Scope and Content of Collection
Title: John R. Bruning collection
Date (inclusive): 1939-2010
Collection Number: 2000C119
Hoover Institution Archives
Language of Material:
English, Japanese, and German
6 oversize boxes, 1 manuscript box (4.5 linear feet),
37,364 digital files (486 GB)
Videorecordings of interviews of American and Japanese World War II pilots and German World War II submarine commanders; veterans'
World War II-era photographs and ephemera; CDs of scanned images relating to World War II; photocopies of National Archives
records relating to World War II; and digital videorecordings and photographs relating to American military operations in
Iraq and Afghanistan.
Hoover Institution Archives
Bruning, John R., collector
Collection is open for research.
The Hoover Institution Archives only allows access to
copies of audiovisual items. To listen to sound recordings or to view videos or films during your visit, please contact the Archives
at least two working days before your arrival. We will then advise you of the accessibility of the material you wish to see
or hear. Please note that not all audiovisual material is immediately accessible.
For copyright status, please contact the Hoover Institution Archives.
[Identification of item] ([Digital file name if appropriate]), John R. Bruning collection, [Box number if appropriate], Hoover
Acquired by the Hoover Institution Archives in 2000, followed by an increment of digital files in 2011.
Materials may have been added to the collection since this finding aid was prepared. To determine if this has occurred, find
the collection in Stanford University's online catalog at
. Materials have been added to the collection if the number of boxes listed in the catalog is larger than the number of boxes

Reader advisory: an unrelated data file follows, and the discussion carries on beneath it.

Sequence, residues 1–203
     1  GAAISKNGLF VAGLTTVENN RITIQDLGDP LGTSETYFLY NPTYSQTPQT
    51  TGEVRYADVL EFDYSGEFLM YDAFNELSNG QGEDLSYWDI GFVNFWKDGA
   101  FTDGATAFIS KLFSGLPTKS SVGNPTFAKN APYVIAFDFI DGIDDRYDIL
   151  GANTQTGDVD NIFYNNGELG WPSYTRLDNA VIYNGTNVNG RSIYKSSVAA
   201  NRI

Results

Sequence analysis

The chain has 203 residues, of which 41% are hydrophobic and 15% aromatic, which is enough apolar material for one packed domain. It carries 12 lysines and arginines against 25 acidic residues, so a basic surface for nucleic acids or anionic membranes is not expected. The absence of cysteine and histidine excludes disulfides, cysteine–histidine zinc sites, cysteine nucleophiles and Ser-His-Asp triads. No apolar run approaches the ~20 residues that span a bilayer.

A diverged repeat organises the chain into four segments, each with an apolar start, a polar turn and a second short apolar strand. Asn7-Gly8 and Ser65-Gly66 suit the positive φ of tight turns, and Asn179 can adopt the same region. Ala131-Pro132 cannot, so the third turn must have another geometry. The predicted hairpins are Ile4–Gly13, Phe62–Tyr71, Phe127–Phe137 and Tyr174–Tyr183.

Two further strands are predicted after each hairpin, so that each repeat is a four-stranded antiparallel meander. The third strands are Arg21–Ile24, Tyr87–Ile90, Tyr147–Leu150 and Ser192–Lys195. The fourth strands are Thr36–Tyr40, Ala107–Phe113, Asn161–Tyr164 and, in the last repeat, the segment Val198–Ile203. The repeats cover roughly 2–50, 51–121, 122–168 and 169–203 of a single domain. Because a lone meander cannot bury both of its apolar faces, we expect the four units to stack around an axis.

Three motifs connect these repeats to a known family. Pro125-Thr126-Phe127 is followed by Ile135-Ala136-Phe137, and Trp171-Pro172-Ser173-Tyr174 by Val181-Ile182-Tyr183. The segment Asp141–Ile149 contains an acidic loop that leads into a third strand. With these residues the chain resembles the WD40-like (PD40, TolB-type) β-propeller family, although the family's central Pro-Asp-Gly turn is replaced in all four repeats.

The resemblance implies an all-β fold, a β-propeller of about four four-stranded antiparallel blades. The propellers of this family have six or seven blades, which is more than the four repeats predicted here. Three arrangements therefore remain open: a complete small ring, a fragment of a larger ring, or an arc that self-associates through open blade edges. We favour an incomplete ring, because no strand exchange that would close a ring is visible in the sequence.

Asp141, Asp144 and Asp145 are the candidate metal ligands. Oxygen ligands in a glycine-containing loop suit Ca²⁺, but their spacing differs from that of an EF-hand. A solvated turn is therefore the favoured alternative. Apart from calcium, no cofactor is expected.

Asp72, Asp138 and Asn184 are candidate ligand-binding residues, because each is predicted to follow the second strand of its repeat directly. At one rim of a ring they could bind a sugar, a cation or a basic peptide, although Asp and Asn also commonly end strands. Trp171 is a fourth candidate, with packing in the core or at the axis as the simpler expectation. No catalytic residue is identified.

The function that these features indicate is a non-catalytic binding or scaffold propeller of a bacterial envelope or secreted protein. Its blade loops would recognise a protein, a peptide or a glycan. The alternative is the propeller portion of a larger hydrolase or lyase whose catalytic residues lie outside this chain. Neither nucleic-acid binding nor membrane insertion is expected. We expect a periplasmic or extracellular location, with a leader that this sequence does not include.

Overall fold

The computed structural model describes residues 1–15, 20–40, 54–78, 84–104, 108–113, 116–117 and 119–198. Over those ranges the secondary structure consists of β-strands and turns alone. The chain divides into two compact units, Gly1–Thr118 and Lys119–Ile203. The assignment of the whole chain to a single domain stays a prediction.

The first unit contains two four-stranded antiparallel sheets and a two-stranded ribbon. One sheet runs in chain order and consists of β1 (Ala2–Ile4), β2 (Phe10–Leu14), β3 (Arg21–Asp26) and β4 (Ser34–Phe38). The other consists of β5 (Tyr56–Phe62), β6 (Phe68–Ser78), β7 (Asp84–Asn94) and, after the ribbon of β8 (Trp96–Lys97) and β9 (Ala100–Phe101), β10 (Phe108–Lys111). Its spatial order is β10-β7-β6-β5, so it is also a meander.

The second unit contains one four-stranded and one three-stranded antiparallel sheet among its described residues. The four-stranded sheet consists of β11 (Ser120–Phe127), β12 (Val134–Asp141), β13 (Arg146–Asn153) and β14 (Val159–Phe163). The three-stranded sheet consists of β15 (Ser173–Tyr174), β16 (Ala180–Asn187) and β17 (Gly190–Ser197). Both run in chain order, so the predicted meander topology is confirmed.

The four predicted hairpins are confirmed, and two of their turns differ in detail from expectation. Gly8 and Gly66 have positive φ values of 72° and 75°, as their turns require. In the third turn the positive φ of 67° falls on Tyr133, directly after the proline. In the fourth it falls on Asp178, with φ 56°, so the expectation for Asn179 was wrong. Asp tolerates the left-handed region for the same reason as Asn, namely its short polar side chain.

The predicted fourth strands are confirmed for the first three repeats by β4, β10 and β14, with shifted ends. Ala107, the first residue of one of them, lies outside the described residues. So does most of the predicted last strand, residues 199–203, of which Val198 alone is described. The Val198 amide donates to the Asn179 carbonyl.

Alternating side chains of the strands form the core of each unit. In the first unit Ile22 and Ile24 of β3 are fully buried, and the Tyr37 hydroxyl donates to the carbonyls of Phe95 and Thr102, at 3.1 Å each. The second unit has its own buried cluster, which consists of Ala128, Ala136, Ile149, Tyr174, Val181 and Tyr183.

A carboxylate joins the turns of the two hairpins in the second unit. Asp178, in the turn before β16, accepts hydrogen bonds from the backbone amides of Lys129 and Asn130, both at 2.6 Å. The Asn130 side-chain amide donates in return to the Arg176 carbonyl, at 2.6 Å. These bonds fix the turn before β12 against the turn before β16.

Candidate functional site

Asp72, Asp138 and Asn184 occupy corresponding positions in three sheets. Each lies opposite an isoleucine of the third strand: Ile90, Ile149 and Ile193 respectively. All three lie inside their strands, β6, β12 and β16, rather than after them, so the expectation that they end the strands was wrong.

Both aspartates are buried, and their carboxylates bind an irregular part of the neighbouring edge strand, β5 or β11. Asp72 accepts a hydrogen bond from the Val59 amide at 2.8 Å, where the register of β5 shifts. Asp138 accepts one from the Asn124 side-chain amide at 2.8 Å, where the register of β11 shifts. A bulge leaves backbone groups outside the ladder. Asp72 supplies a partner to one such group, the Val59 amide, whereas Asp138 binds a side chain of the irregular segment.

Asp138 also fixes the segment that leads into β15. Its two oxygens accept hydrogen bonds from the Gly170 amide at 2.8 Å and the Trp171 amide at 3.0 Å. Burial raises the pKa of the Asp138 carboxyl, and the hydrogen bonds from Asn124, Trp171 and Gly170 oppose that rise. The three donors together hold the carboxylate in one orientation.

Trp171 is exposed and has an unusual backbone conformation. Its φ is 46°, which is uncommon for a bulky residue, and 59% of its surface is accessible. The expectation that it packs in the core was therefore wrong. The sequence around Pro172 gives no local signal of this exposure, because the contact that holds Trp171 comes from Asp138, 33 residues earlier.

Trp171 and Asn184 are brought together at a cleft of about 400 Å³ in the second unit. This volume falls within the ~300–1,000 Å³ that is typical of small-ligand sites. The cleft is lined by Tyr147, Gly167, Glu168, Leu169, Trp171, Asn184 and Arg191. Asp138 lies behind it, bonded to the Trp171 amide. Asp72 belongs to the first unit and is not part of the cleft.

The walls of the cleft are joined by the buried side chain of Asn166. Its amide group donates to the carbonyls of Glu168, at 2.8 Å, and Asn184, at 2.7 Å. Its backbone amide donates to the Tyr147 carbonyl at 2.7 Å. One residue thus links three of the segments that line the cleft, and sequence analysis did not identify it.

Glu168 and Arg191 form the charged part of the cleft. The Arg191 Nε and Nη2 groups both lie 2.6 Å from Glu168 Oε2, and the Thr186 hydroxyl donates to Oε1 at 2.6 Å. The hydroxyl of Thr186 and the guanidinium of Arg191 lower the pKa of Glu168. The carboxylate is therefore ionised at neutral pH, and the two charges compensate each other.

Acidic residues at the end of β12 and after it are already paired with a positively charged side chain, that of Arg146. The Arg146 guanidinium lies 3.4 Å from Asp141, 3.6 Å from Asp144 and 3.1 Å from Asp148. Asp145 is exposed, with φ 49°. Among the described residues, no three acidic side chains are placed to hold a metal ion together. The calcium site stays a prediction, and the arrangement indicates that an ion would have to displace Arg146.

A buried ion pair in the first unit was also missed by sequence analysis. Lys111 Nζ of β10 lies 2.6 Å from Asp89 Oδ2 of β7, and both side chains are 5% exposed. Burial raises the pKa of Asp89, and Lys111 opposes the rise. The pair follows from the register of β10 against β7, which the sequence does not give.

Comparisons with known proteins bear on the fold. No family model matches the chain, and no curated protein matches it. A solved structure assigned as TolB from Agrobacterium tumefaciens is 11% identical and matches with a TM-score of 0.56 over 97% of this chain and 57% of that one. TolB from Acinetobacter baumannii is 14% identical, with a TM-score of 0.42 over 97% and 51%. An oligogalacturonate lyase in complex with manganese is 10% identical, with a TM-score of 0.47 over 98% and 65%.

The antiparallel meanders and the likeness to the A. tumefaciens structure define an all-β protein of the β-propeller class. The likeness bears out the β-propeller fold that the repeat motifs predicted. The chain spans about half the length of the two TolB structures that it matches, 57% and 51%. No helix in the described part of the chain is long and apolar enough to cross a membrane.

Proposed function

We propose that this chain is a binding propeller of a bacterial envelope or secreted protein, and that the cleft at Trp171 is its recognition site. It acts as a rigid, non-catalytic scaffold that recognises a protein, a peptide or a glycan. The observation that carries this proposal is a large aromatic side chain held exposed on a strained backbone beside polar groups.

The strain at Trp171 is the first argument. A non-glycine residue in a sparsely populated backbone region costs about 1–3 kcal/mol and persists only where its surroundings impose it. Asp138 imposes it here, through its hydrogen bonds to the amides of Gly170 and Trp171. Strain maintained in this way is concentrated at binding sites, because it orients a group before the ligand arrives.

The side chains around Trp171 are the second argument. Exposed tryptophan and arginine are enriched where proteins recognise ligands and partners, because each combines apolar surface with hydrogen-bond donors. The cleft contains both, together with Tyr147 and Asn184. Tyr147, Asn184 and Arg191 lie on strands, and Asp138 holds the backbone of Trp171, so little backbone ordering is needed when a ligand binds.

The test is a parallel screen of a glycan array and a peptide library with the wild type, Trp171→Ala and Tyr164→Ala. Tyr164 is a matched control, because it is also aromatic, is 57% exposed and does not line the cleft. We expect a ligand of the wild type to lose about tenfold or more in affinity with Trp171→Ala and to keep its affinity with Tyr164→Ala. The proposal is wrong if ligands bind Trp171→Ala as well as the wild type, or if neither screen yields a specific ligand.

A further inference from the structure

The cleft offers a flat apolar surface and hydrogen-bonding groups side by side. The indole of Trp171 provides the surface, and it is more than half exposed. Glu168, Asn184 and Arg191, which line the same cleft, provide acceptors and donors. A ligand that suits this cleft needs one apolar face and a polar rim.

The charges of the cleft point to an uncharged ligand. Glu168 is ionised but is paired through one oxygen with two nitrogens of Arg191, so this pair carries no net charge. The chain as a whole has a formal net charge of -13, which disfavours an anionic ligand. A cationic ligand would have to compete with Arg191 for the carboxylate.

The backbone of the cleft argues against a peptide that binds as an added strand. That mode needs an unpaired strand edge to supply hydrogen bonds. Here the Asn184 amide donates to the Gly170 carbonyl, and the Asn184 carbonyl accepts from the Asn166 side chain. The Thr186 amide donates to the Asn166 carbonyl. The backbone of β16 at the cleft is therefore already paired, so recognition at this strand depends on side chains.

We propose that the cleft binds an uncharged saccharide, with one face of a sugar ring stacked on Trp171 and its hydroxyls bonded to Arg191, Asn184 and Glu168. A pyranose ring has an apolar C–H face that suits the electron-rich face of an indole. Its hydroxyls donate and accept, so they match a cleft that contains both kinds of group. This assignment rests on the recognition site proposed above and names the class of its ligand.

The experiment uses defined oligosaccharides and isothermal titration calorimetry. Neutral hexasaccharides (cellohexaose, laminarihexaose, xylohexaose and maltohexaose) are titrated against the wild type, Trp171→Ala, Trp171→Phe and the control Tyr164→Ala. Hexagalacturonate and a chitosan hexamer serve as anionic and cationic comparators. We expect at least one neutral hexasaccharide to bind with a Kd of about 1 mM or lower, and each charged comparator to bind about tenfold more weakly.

listed in this finding aid.
John Bruning, a military writer and photojournalist, was born in 1968 in Palo Alto, California. He earned a BA in history
from the University of Oregon in 1990. He wrote or collaborated on seventeen books published or pending as of 2011, including
The Devil's Sandbox,
House to House,
How to Break a Terrorist,
Shadow of the Sword,
Crimson Sky, and
As part of his research for earlier writing and commercial projects, between 1990 and 2000 Bruning conducted interviews with
World War II veterans, including German U-boat commanders and Japanese pilots and airmen. The latter interviews were conducted
in 1997 while he was working in a consultant capacity as the company historian for a software company called Dynamix.
Bruning began work on
The Devil's Sandbox, which details the 2003-2005 deployment of the 2nd Battalion, 162nd Infantry, Oregon National Guard to Iraq, in 2005. Six
months after returning home, the battalion was deployed to North Central New Orleans in the wake of Hurricane Katrina. For
a month, the men conducted patrols and searched for survivors and human remains. Bruning deployed with them as a civilian
embed, living with them on a concrete walkway in front of the music hall at the New Orleans Baptist Seminary.
Upon returning to Oregon and publishing
The Devil's Sandbox, Bruning founded and funded the 973rd Civilians on the Battlefield (973 COB), a nonprofit organization. This group of civilians
serves as the Oregon National Guard's (ONG) opposing force during drill weekends and field exercises. In August 2008, Bruning
spent a month with Alpha Company 2-162 at Gowen Field, Idaho, during the unit's final field training exercise before its second
In June 2010, Bruning was invited to deploy as an embed to Afghanistan with Bravo Company 1-168 Aviation, a Boeing CH-47 Chinook
heavy lift unit from Pendleton, Oregon. Another part of the unit belonged to the Washington National Guard at Fort Lewis.
The two detachments were merged and sent to Forward Operating Base (FOB) Shank in the summer of 2010 to conduct operations
around Logar, Wardak, and Gahzni provinces. Bruning joined them at Fort Hood in July 2010 and was with them until their deployment